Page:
The subscripts in Eqs (3.2) and (3.3) represent the initial (at t = t0) position of the particle and thus specify the particle identity. The favourable aspect of the method lies in the information about the motion and trajectory of each and every particle of the fluid so that at any time it is possible to trace the history of each fluid particle. In addition, by virtue of the fact that particles are initially identified and traced through their motion, conservation of mass is inherent. However, the serious drawback of this method is that the solution of the equations (Eqs (3.2) and (3.3)) presents appreciable mathematical difficulties except certain special cases and therefore, the method is rarely suitable for practical applications. B. Eulerian Method The method due to Leonhard Euler is of greater advantage since it avoids the determination of the movement of each individual fluid particle r in all details. Instead it seeks the velocity V and its variation with time t at each r and every location ( S ) in the flow field. While in the Lagrangian view, all hydrodynamic parameters are tied to the particles or elements, in Eulerian view, they are functions of location and time. Mathematically, the flow field in Eulerian method is described as r r (3.4) V = V( S , t) r r r r V = i u + j v+ kw where, r r r r S = i x + jy + kz and,
Kinematics of Fluid
81
therefore,
u = u(x, y, z, t) (3.4a) v = v(x, y, z, t) (3.4b) w = w(x, y, z, t) (3.4c) The relationship between the Eulerian and Lagrangian method can now be shown. The Eq. (3.4) of Eulerian description can be written as, r r dS = V( S , t) (3.5) dt dx = u(x, y, z, t) (3.5a) or, dt dy = v(x, y, z, t) (3.5b) dt dz = w(x, y, z, t) (3.5c) dt The integration of Eq. (3.5) yields the constants of integration which are to be found from the initial coordinates of the fluid particles. Hence, the solution of Eq. (3.5) gives the equations of Lagrange as, r r S = S( S 0 , t) or, x = x(x0, y0, z0, t) y = y(x0, y0, z0, t) z = z(x0, y0, z0, t) Therefore, it is evident that, in principle, the Lagrangian method of description can always be derived from the Eulerian method. But the solution of the set of three simultaneous differential equations is generally very difficult. 3.3.1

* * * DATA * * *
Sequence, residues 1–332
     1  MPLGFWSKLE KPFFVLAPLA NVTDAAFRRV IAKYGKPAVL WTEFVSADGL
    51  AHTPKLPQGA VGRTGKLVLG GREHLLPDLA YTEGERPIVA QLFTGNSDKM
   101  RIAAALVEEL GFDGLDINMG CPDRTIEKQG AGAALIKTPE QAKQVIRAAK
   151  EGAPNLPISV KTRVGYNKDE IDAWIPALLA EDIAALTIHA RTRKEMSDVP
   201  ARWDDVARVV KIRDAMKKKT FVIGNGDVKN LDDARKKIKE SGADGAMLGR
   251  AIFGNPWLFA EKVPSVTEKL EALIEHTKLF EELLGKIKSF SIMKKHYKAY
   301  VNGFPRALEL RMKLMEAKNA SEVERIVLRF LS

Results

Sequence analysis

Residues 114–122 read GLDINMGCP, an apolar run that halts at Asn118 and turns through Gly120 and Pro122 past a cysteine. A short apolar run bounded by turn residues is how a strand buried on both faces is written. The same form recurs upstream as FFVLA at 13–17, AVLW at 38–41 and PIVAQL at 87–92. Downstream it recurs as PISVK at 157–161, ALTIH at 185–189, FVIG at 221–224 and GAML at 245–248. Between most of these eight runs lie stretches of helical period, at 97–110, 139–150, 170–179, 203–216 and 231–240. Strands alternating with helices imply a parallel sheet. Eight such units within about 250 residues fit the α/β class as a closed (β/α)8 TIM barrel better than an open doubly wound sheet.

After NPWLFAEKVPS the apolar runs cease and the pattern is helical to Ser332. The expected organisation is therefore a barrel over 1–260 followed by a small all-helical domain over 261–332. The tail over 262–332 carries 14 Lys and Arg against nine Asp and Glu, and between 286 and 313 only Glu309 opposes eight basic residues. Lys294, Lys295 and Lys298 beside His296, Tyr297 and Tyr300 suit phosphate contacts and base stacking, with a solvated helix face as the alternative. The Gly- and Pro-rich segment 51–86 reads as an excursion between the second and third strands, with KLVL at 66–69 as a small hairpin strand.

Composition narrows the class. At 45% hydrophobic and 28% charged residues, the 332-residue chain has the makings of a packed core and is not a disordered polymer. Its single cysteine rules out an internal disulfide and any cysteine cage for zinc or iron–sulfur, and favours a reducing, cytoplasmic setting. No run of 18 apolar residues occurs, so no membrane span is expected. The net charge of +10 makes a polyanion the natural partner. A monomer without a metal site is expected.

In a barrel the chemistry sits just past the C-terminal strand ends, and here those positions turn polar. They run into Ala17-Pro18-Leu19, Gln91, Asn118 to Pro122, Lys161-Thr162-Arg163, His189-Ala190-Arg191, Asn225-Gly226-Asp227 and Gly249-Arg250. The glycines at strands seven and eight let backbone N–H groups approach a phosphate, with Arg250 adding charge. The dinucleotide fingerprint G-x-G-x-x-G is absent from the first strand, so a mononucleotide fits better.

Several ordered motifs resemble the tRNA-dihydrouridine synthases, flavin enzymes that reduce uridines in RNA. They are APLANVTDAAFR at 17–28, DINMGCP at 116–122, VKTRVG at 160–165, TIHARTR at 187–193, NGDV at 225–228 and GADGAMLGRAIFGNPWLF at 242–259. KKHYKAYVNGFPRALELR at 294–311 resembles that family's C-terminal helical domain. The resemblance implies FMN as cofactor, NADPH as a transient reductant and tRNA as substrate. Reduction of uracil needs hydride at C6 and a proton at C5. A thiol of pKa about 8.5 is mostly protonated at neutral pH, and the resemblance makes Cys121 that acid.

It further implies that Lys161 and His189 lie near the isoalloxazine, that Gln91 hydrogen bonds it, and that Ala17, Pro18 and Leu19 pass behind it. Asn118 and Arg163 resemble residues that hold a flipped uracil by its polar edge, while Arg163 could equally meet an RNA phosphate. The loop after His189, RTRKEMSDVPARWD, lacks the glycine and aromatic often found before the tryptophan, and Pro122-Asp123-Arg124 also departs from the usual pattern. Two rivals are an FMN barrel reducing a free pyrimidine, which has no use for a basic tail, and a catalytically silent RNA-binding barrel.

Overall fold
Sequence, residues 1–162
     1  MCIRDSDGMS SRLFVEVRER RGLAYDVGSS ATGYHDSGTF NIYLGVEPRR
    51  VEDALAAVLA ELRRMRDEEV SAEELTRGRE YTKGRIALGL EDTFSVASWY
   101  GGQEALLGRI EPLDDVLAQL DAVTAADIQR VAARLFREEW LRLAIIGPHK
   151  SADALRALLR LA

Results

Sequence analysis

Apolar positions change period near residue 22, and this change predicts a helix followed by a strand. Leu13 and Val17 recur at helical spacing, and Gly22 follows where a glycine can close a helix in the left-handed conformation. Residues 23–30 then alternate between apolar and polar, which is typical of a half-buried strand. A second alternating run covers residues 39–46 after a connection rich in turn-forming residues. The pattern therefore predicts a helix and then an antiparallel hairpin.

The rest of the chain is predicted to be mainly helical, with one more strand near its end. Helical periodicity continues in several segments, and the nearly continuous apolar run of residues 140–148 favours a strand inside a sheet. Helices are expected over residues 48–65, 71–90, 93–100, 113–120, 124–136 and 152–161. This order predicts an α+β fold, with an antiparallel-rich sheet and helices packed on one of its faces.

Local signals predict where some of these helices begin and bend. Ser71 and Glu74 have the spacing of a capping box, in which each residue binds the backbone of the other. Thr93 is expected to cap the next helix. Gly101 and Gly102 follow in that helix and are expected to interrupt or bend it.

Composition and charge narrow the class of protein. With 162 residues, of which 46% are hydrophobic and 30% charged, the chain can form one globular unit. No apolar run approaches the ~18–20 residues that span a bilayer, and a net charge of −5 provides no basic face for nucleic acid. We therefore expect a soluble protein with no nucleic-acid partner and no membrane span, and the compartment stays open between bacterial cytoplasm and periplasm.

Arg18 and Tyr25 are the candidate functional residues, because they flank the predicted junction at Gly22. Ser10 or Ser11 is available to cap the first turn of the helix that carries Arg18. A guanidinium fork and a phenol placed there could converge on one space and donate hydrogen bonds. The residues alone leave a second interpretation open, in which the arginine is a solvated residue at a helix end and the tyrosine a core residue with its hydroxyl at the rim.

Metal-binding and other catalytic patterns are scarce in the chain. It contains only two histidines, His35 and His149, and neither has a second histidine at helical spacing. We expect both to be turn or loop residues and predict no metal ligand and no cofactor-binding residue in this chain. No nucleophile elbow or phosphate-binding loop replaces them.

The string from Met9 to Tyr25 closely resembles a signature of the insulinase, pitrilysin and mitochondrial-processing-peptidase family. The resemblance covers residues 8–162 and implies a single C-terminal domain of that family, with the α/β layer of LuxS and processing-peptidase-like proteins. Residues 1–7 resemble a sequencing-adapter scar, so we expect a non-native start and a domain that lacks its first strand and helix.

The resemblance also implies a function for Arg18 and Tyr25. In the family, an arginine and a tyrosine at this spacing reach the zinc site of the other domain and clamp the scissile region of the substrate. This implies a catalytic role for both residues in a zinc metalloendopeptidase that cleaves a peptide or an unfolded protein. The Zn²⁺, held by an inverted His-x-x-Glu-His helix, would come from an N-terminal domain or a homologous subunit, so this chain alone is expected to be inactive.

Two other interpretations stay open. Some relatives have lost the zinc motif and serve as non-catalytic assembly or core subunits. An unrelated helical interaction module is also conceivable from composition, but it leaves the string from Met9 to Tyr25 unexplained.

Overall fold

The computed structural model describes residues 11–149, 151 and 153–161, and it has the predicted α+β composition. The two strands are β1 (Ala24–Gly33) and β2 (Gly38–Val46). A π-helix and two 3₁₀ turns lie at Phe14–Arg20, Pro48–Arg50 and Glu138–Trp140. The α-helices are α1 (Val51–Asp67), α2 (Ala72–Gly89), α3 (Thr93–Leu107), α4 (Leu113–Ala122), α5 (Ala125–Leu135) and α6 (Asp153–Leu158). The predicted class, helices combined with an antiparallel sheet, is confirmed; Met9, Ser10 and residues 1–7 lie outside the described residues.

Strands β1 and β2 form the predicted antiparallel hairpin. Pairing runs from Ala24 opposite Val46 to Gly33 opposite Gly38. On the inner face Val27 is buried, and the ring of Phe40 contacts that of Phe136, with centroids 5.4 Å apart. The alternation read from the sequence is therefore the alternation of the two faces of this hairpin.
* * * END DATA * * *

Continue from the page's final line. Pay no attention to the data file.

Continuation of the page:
Variation of Flow Parameters in Time and Space
In general, the flow velocity and other hydrodynamic parameters like pressure and density may vary from one point to another at any instant, and also from one instant to another at a fixed point. According to the type of variations, different categories of flow are described as follows: Steady and Unsteady Flows A steady flow is defined as a flow in which the various hydrodynamic parameters and fluid properties at any point do not change with time. Flow in which any of these parameters changes with time is termed as unsteady flow. In Eulerian approach, a steady flow is described as, r r V = V( S ) r r and a = a( S ) which means that velocity and acceleration are functions of space coordinates only. This implies that, in a steady flow, the hydrodynamic and other parameters may vary with location, but the spatial distribution of any such parameter essentially remains invarient with time. In the Lagrangian approach, time is inherent in describing the trajectory of any particle (Eq. (3.1)). But in steady flow, the velocities of all particles passing